The Commodification of African American Music
by Mikayla Reid
During the Enslavement era, the enslaved Africans sang negro spirituals to talk about their struggles and to express their faith in God. Slave masters disliked the spirituals because they viewed it as rebellion. They also sang the songs to make time go by as they worked. The negro spirituals were also a way for the enslaved to communicate to each other on plantations. They also did not like the clapping, stomping, shouting, and call and response from negro spirituals. Therefore, the enslaved created indivisible institutions. They gathered in secret to worship and sing on their own.
The negro spirituals became a way for students in Historically Black Colleges to make money. One example would be the Fisk Jubilee singers. Fisk University was one of first HBCUs to bring negro spirituals on stage and perform them in concerts. The singers traveled around the country and raised money for their school. The Fisk jubilee singers proved that Black people were able to perform in a professional concert style instead of minstrel shows.
Slave Songs of the United States
White abolitionists collected negro spirituals and published them. Slave songs were put into sheet music and made into a book. It was published in 1867. Some African Americans were able to sing spirituals on records. The White people profited off the spirituals.
Work Songs from the reconstruction and Jim Crow era were Recorded as well.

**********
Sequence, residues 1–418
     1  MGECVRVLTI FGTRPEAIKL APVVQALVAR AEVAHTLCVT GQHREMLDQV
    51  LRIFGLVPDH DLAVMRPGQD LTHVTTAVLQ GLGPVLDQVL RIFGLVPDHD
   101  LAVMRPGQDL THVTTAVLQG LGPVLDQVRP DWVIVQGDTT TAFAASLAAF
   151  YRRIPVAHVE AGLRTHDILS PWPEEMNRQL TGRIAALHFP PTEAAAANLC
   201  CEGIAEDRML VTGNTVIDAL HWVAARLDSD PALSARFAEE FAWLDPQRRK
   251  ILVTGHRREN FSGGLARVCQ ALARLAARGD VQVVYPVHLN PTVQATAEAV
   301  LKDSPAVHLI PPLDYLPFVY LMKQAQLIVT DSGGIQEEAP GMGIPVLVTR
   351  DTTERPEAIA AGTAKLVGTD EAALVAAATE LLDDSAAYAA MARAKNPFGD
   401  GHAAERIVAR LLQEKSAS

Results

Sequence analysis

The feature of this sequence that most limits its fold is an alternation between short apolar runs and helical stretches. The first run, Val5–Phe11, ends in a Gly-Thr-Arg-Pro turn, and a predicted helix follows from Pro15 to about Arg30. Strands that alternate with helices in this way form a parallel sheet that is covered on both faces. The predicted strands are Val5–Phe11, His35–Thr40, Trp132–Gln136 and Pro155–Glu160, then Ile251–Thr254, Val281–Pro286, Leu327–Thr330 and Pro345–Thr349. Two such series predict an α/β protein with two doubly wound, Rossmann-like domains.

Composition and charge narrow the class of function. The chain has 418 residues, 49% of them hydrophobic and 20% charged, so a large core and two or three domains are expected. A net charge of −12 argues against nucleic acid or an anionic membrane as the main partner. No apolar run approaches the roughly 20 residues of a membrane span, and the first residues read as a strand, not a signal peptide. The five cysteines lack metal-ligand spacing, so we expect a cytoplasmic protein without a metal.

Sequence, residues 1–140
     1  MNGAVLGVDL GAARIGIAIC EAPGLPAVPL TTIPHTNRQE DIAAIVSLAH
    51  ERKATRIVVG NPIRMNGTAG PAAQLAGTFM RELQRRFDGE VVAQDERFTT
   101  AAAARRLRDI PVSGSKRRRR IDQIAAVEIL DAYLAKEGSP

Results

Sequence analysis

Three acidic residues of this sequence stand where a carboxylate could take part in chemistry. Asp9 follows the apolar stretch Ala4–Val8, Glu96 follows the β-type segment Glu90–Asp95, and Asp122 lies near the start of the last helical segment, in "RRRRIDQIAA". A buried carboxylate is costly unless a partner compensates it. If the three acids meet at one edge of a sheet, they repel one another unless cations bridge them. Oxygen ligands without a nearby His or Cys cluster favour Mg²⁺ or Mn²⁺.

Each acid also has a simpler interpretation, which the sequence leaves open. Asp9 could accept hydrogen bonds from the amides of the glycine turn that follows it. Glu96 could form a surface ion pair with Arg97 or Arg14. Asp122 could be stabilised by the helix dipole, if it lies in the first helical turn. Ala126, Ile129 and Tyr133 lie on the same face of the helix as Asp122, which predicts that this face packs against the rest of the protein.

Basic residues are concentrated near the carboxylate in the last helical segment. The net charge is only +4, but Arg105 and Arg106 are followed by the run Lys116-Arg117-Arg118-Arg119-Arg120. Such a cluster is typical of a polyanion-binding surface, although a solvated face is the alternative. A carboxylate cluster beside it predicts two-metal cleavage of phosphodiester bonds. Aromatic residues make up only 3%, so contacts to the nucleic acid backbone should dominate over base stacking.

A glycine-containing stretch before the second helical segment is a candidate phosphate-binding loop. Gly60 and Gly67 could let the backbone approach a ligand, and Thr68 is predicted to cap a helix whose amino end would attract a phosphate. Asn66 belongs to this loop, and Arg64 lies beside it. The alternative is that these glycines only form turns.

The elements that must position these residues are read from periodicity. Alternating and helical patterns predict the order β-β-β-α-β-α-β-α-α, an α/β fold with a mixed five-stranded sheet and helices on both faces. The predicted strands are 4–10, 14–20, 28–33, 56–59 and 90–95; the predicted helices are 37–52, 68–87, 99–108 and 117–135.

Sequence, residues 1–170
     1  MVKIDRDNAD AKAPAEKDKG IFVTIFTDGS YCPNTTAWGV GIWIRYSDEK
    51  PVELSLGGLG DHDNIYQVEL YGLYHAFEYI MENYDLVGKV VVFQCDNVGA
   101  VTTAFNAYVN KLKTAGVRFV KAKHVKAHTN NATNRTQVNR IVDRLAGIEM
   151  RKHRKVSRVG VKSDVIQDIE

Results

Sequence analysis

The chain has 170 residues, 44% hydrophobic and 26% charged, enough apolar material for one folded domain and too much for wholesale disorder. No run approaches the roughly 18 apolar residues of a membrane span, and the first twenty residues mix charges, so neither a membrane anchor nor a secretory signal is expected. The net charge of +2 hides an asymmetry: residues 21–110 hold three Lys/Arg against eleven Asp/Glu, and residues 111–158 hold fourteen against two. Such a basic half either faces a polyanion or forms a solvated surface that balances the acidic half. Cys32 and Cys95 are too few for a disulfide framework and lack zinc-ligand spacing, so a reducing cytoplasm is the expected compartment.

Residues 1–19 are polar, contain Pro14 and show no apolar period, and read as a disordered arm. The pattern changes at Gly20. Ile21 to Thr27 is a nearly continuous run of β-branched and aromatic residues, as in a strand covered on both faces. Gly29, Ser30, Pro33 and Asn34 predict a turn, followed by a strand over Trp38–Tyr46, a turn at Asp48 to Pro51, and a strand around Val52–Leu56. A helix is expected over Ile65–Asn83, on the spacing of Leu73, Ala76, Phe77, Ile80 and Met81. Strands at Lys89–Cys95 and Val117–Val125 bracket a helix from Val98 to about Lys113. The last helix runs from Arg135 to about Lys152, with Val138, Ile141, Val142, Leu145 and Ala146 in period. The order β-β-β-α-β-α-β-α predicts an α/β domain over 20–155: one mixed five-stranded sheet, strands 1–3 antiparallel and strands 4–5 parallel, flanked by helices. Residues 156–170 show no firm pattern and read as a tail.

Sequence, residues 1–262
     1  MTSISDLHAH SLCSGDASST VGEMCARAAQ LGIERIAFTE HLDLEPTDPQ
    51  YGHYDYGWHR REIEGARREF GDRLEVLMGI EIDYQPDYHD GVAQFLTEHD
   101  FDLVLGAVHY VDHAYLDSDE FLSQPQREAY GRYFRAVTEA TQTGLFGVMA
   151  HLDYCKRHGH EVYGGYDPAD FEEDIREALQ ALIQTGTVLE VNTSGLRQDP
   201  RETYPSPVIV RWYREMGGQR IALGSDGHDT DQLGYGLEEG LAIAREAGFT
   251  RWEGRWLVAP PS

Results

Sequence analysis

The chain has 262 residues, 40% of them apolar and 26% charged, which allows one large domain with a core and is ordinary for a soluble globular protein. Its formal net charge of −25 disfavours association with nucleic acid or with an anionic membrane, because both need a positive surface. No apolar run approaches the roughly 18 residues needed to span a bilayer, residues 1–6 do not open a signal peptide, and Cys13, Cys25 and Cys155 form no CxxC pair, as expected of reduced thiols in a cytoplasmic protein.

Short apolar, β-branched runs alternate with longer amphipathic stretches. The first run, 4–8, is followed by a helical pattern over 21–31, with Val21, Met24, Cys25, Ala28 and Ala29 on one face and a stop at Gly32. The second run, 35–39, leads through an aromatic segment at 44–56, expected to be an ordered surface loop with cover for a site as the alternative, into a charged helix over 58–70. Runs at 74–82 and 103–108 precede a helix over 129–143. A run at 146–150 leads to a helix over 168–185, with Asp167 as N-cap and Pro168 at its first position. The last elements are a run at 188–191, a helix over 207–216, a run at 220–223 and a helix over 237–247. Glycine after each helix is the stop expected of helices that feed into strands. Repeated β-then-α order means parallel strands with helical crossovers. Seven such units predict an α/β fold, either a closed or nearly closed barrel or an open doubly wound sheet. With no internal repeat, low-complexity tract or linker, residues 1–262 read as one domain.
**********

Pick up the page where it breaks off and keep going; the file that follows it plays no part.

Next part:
Work songs and Negro Spirituals were recorded. There are many renditions of these songs.
Cake Walk (Pre-Civil)
Slaves danced on plantations for prizes. slave masters were the judges. Phrases like “takes the cake,” and “Cake walk” came from these competitions. Ragtime music was becoming popularized during this era. The cake walk was also later featured in minstrel shows and in films.
Ragtime started in the Midwest and then became popular in areas like New Orleans. Scott Joplin: African American composer, pianist (Ragtime music). “The King of Ragtime.” Ragtime is unique because of stride and its complex Left- Hand technique.
Records exclusively for African Americans. Race records included blues, sermons, jazz, comedy and negro spirituals.
Blues pioneered during the Jim crow era in the south. Many blues artist were farmers or sharecroppers, they would sing the blues on the weekends in clubs to make extra money. In blues, Black musicians sung about their struggles in life, feelings and sometimes about their love life. The music became popular in the 20th century when musicians would travel perform their music in tents. These artist were called vaudeville entertainers. W.C. Handy was one of the first artist to record jazz records and have his own publishing houses. Vaudelle music was recorded and put on sheet music.
– Muddy Waters : Result of the Great Migration, Known for the Electric Guitar
-Missippi, delta used acoustic guitar
1930s and 1940s, Great Migration: Blues and Jazz
In Northern industrial cities, Southern Black migrants were audiences to blues and Jazz.